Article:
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Publication numberUS5959487 A
Publication typeGrant
Application numberUS 08/858,072
Publication dateSep 28, 1999
Filing dateMay 16, 1997
Priority dateMay 16, 1996
Fee statusPaid
Publication number08858072, 858072, US 5959487 A, US 5959487A, US-A-5959487, US5959487 A, US5959487A
InventorsJ. Patrick Kawamura
Original AssigneeTexas Instruments Incorporated
Export CitationBiBTeX, EndNote, RefMan
External Links: USPTO, USPTO Assignment, Espacenet
Integrated circuit with speed detector
US 5959487 A
Abstract
A circuit is designed with a reference circuit (200) for generating a reference signal. The reference signal determines a reference period. A delay circuit (208, 212, 216) responsive to the reference signal produces a delay signal. A control circuit (248, 254, 258, 260, 262) responsive to the delay signal produces a control signal. The delay circuit emulates the speed of an integrated circuit for the reference period. Control signals from the control circuit compensate the integrated circuit performance for measured circuit speed variations.
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Claims(28)
What is claimed:
1. A circuit responsive to an operating condition comprising:
a reference circuit for generating a reference signal, the reference signal determining a reference period;
a delay circuit responsive to the reference signal for producing a delay signal having a delay, the delay varying with a change in the operating condition;
a latch circuit coupled to the delay circuit for latching the delay signal in response to a signal corresponding to the operating condition; and
a control circuit responsive to the delay signal for producing a control signal.
2. A circuit as in claim 1 wherein the signal corresponding to the operating condition is a power up signal.
3. A circuit as in claim 1 wherein the signal corresponding to the operating condition is an internal refresh signal.
4. A circuit as in claim 1 wherein the signal corresponding to the operating condition is a suspend mode signal.
5. A circuit as in claim 1 further comprising a terminal for receiving an external signal, the external signal producing the signal corresponding to the operating condition, the latch circuit latching the delay signal responsive to the external signal.
6. A circuit as in claim 5 wherein the external signal is a power management signal.
7. A circuit as in claim 5 wherein the external signal is a low power signal.
8. A circuit as in claim 1, further comprising a counter circuit for counting a predetermined number of clock cycles, the counter circuit producing the signal corresponding to the operating condition responsive to the predetermined number of clock cycles.
9. A circuit comprising:
a reference circuit arranged to produce a reference signal corresponding to a reference period;
a delay circuit coupled to receive the reference signal, the delay circuit arranged to produce a delay signal;
a decode circuit coupled to receive the delay signal, the decode circuit arranged to decode the delay signal for producing a control signal; and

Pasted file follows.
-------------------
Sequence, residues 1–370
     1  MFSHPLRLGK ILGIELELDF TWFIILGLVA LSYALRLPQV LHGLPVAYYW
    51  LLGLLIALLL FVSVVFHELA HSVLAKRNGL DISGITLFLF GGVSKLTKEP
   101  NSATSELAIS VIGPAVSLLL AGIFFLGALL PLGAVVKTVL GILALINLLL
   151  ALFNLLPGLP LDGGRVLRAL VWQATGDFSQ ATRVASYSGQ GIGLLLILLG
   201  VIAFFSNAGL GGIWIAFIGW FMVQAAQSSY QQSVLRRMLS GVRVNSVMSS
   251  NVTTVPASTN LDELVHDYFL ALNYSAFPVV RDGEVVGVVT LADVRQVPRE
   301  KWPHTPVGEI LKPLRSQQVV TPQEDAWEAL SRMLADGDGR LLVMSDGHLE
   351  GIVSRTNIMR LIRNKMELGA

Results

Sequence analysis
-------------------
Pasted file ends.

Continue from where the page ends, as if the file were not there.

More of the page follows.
an oscillator circuit arranged to produce an output signal having a frequency of oscillation, the oscillator circuit responsive to the control signal for controlling the frequency of oscillation.
10. A circuit as in claim 1 wherein the control signal has a first logic state, responsive to a first operating condition, and a second logic state, responsive to a second operating condition.
11. A circuit as in claim 10 wherein a second frequency of oscillation of the oscillator circuit, responsive to the second logic state and the second operating condition, is greater than a first frequency of oscillation of the oscillator circuit, responsive to the first logic state and the first operating condition, and less than a third frequency of oscillation of the oscillator circuit, responsive to the first logic state and the second operating condition.
12. A circuit as in claim 10 wherein the first operating condition is a first value of an external voltage and the second operating condition is a second value of the external voltage.
13. A circuit as in claim 10 wherein the first operating condition is a first temperature and the second operating condition is a second temperature.
14. A circuit as in claim 10 wherein the first operating condition is a first polycrystalline silicon gate length and the second operating condition is a second polycrystalline silicon gate length.
15. A circuit as in claim 10 wherein the first operating condition is a first gate oxide thickness and the second operating condition is a second gate oxide thickness.
16. A circuit as in claim 10 wherein the first operating condition is a first transistor threshold voltage and the second operating condition is a second transistor threshold voltage.
17. A circuit as in claim 1 further comprising a latch circuit coupled to the decode circuit for latching the delay signal.
18. A circuit as in claim 17 wherein the reference circuit receives an external signal for generating the reference signal.
19. A circuit as in claim 17 wherein the reference circuit generates the reference signal responsive to a plurality of circuit delay elements.
20. A circuit as in claim 19 wherein the circuit delay elements comprise a resistor and a capacitor.
21. A circuit as in claim 17 wherein the delay circuit comprises a plurality of delay stages, each delay stage producing an output signal having a delay, the delay of each delay stage varying with the speed of the circuit.
22. A circuit as in claim 17 wherein the decode circuit receives the output signal from each of the delay stages for producing the control signal, the control signal having a plurality of logic states, each logic state corresponding to a different speed of the circuit.
23. A circuit comprising:
a reference circuit arranged to produce a reference signal corresponding to a reference period;